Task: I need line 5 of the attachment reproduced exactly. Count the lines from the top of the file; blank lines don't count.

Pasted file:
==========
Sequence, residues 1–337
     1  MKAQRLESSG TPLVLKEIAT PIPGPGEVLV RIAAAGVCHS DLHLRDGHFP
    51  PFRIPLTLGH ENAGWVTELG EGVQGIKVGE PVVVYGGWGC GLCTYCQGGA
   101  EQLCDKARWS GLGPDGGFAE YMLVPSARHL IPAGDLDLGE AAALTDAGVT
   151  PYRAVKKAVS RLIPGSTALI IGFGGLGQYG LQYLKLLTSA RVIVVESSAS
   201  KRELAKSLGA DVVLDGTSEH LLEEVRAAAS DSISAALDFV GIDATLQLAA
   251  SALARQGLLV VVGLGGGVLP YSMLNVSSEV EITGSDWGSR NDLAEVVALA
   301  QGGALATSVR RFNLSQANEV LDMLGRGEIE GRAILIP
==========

   151  PYRAVKKAVS RLIPGSTALI IGFGGLGQYG LQYLKLLTSA RVIVVESSAS